Barbara Harpham, Chair of the Medical Technology Group, wants to see healthcare spending, particularly on medical technology, linked to tangible outcomes for patients, the economy and society
In June 2018, the UK Government announced an additional £20 billion in healthcare funding for England’s National Health Service. The cash injection – was warmly welcomed. The additional funding represented a 3.4% increase in the NHS’s budget in real terms over the next five years, meaning that although England still lags behind some Western European countries in terms of healthcare spending, the gap has narrowed.1
Following that announcement, Secretary of State for Health Matt Hancock outlined his vision for a health service that uses technology to ‘improve our health, make our lives easier and make our money go further’. His proposed strategy includes greater use of cutting-edge mobile and IT solutions.
These ambitions are laudable, but there is a danger that much of the investment could go to waste unless the health service takes a close, hard look at the way it currently procures products and services, taking into account the impact on patient outcomes and the potential savings to the healthcare system. It also needs to consider the broader economic and societal value to ensure that additional spending contributes to a healthcare system that is sustainable for future generations.
Better investment means a better society
Just over $7.8 billion of public healthcare spending in England – approximately 5% of the total annual budget – is spent on medical technology. Medical devices, of which there are around half a million – from in-vitro diagnostics, to implantable devices and e-health – play an enormous role in delivering better healthcare. They have a tangible impact on patient outcomes and healthcare budgets, often preventing the need for further treatment and hospital stays while enabling people of working age to return to the workplace.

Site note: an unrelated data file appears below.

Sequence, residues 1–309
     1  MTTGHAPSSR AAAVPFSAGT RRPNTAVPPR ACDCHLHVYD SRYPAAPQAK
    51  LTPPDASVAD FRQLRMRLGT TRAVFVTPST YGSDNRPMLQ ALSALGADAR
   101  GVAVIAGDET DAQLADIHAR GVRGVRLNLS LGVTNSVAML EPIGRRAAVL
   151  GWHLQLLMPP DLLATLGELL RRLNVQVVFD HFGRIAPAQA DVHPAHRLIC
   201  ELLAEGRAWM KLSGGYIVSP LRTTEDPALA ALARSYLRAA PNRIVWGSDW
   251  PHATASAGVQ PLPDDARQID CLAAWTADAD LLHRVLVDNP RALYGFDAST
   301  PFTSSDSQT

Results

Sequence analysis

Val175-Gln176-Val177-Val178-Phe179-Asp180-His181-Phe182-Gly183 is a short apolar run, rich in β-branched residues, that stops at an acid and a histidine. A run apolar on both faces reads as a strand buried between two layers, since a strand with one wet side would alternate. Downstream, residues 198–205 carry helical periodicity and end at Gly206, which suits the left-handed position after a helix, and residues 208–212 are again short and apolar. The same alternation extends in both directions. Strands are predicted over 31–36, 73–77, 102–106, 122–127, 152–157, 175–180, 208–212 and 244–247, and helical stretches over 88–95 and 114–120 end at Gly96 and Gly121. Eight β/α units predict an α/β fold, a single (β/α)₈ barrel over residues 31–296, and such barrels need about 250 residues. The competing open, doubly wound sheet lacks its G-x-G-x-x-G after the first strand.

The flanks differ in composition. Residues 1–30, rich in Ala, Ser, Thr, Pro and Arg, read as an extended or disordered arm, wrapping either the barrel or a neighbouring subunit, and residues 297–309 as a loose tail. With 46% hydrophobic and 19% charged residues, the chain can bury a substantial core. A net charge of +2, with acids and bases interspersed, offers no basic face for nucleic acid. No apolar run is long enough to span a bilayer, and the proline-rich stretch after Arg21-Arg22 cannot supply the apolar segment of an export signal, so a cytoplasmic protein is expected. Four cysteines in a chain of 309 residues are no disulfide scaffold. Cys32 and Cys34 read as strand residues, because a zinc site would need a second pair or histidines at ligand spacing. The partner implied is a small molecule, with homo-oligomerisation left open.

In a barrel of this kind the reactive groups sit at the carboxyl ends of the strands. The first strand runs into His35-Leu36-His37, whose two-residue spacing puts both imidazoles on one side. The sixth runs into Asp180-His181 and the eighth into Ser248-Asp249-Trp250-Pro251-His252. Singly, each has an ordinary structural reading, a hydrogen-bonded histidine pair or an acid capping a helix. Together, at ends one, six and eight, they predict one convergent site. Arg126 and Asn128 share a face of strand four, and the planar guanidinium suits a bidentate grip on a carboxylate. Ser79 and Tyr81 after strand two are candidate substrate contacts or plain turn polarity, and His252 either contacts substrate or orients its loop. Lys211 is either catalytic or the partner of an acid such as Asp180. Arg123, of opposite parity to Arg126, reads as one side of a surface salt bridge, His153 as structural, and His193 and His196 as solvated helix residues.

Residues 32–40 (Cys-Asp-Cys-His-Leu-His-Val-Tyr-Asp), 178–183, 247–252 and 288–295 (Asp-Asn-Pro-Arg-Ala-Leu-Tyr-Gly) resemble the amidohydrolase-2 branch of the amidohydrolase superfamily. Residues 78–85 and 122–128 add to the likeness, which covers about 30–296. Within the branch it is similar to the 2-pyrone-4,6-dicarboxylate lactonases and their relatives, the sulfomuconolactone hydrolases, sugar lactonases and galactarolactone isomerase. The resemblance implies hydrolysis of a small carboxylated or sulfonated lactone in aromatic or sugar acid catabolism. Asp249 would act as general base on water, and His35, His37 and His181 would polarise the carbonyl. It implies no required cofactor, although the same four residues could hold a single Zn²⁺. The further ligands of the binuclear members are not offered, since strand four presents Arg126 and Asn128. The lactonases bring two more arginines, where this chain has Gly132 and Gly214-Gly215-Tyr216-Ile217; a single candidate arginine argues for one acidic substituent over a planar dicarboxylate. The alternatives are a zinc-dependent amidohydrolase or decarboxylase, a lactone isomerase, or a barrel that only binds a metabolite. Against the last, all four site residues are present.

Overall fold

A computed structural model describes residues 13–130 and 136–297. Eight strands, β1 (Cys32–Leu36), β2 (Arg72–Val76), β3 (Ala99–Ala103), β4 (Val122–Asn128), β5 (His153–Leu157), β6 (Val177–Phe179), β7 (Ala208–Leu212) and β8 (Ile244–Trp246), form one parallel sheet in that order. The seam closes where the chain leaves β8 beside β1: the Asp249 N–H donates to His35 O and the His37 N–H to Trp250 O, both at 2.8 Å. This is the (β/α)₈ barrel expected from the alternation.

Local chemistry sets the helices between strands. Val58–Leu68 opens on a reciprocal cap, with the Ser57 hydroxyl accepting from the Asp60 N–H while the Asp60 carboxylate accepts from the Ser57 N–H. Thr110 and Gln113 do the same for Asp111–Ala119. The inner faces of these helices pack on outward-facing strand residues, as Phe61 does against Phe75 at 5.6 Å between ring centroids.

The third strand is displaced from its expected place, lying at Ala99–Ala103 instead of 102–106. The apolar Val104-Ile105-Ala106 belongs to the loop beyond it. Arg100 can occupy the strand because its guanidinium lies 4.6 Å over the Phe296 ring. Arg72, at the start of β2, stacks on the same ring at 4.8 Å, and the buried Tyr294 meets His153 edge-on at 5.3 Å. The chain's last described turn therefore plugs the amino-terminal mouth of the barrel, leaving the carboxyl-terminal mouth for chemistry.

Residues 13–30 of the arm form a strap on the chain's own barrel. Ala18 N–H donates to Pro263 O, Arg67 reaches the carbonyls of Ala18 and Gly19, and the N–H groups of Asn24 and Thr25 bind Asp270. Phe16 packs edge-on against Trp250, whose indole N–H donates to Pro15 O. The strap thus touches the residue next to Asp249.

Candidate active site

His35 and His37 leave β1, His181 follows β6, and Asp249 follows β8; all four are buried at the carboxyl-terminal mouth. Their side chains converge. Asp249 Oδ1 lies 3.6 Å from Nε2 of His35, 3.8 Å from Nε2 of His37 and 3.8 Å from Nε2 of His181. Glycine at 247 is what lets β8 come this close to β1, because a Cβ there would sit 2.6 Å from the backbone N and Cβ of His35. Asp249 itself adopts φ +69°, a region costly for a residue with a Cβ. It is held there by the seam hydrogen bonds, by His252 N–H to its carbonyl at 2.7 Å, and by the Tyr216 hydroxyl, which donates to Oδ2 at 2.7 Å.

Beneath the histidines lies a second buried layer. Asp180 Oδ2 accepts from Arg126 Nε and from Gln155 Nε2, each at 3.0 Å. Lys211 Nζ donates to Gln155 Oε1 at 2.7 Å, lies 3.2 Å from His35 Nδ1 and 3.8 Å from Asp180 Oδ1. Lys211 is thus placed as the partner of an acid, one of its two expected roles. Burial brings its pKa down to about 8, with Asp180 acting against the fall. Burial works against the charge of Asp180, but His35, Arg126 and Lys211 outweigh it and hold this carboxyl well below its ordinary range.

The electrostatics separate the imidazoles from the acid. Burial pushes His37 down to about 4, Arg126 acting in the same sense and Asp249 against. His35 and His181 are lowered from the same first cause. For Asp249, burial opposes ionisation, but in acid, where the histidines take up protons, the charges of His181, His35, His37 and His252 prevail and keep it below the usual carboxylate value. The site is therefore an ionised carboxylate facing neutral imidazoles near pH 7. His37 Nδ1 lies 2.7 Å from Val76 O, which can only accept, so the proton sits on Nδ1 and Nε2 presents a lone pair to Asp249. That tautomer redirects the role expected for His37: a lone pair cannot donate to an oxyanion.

The Medical Technology Group, in association with the Work Foundation, has studied the impact of MedTech closely. In our report ‘Keeping Britain Working – How medical technology can help reduce the cost of ill health to the UK economy’ – published in November 2017 – we reported that the impact of sickness, absence and worklessness associated with working-age illness costs the UK economy over $130 billion a year. Meanwhile, individuals collectively miss out on $5.2 billion a year of lost earnings and over 300,000 people take up health-related benefits.2
The report assessed the impact of eight technologies in reducing the need for further treatment and hospitalisations, limiting welfare and social security payments, as well as returning individuals of working age to employment as tax-paying members of society. It also explored benefits, such as improved quality of life for patients and the impact on the growing number of unpaid carers, who are able to return to work or contribute to society in other ways.